articles were originally published in The December 2011 issue of An Darach, the newsletter of the
What Happened Here? – DNA Results Indicating a Break in the Senior Male
Hamilton <email@example.com> and
Donald L Glossinger <firstname.lastname@example.org>
In an article in An Darach
in September 2008 the results of an ongoing DNA study of those with the
In the DNA techniques used in this investigation specific markers on a special chromosome, the Y-chromosome, that males have and females do not, are analyzed. Analyses of this chromosome have been particularly useful in following male lines because the chromosome is passed from father to son to grandson, etc., over many generations with little or no change. Thus, all living males descended along all male lines from one specific male who lived say 500 to 1000 years ago will have a very similar Y-DNA profile, while males derived along all male lines from an unrelated male of that same era will have a different Y-DNA profile. Thus, these methods have been particularly useful in surname studies to determine, for example, whether all individuals with that surname are derived from just one initiator or whether there were multiple initiators. If the latter, then one can conclude from the results which initiator gave rise to any current male (descended along all male lines) if the lines of descent for at least a few participants from that ancestor are known.
As of November 2011 the Hamilton DNA Project has
results for approximately 425 participants who have had their DNA analyzed.
About 80% of those analyzed have a DNA profile that matches (is the same or
very similar) the profile of at least one other person in the project while 20%
have a profile that does not match the profile for anyone else in the project.
The majority of those with matching profiles can be placed in one of two
groups, either in Group A which has about 35% of all participants, or in Group
B which has about 18% of all participants. These are the groups that are the
focus here because within these groups are several individuals with well
documented lines of descent from very early members of the
The DNA profiles for all those in Group A are similar enough that they are probably all related to each other along all male lines within the last few hundred (500-1000) years. The same is true for all those in Group B; the DNA profiles for those in this group indicate that they are all related to each other along all male lines in the same period of time. However, the Group A DNA profile is quite different from the Group B profile, so different that those in one group could not be related along all male lines to those in the other group within the past few thousand (2000 plus) years.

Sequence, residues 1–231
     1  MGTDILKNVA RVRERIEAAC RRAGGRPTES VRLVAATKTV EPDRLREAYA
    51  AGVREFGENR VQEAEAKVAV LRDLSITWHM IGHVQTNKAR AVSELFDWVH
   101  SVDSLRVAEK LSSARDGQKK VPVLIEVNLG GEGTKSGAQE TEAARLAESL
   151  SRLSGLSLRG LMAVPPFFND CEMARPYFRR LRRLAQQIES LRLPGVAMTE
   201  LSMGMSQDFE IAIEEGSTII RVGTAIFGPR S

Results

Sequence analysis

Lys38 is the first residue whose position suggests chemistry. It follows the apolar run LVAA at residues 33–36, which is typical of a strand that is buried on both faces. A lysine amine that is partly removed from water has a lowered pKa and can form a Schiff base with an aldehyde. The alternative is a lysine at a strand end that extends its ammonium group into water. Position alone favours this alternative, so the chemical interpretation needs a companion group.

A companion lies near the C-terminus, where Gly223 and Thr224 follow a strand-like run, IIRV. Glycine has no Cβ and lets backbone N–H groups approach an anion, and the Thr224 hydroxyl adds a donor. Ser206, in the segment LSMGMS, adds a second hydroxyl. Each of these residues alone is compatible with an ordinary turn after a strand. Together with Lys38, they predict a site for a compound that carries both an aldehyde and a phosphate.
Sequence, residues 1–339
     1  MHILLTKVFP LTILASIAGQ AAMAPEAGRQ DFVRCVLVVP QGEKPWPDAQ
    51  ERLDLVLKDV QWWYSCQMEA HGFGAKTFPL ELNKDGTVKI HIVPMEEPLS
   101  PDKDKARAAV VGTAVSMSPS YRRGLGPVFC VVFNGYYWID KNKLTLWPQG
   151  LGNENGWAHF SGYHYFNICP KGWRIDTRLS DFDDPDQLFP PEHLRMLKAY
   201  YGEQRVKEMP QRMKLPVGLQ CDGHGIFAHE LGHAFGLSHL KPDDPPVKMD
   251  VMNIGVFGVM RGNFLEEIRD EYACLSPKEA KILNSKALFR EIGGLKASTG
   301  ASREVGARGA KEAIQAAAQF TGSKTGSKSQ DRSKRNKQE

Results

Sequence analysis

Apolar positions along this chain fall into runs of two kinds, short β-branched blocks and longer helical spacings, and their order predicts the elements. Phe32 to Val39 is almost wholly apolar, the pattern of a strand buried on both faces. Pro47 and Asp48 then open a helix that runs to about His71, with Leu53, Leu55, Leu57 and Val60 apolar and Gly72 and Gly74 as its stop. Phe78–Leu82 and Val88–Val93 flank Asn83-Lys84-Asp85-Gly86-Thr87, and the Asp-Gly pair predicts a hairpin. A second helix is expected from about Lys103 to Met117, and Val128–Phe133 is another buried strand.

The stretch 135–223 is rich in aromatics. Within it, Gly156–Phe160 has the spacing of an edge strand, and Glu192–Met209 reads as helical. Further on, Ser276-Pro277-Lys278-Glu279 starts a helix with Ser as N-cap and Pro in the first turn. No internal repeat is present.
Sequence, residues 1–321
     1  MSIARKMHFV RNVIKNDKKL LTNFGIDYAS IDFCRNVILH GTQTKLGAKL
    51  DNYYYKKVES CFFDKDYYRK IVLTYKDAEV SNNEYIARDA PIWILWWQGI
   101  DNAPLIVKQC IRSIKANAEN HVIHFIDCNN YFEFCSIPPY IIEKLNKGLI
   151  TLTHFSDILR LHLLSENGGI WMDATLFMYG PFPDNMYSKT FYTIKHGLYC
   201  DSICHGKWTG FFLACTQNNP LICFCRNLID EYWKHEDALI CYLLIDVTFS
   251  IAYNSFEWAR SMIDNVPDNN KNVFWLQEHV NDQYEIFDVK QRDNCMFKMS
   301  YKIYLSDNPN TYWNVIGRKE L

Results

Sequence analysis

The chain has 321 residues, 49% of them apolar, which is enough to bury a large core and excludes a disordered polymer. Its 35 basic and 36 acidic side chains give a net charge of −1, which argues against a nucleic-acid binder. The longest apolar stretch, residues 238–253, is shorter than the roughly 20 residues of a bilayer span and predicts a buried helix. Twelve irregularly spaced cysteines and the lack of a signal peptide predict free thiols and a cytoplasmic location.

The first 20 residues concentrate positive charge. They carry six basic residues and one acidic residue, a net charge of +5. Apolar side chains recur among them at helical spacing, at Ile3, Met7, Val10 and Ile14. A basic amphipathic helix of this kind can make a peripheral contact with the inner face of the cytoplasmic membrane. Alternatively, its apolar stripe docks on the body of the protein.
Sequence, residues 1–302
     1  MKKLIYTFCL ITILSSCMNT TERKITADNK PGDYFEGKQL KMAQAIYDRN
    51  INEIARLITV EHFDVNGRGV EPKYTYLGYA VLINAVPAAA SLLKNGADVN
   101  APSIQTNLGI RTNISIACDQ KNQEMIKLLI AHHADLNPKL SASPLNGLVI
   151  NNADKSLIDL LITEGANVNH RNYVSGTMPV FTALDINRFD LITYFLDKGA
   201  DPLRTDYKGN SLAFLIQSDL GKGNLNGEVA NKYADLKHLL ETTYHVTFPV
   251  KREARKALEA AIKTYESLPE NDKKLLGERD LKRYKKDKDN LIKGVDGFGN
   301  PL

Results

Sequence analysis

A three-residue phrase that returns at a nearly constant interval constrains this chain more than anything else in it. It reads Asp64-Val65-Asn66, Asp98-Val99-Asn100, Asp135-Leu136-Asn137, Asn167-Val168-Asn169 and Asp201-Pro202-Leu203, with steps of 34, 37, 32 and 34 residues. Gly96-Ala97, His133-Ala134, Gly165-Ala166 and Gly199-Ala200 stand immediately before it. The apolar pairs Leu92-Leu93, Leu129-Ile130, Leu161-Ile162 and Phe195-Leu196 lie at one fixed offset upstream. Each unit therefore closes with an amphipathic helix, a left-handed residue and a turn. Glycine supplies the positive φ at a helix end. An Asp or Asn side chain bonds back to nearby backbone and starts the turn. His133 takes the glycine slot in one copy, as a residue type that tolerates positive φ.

It is well known that much of the recorded history of
Since Groups A and B are by far the largest groups
that have individuals with matching DNA profiles, it was suspected that the DNA
profiles for known descendants of the well documented British lines (all
supposedly derived from Walter Fitzgilbert) would
match either the Group A or Group B profile. The surprising result that was
obtained is that the DNA profiles for known descendants of some of the lines
were similar to those in Group A while the profiles for descendants of other
lines were similar to those in Group B. This result
clearly indicates that not all of the well documented Hamilton lines are
derived along all male lines from Walter Fitzgilbert;
there must have been a break in at least one of the lines where someone other
than a Walter Fitzgilbert all male line descendant
fathered a child who ultimately became the ancestor to some of the well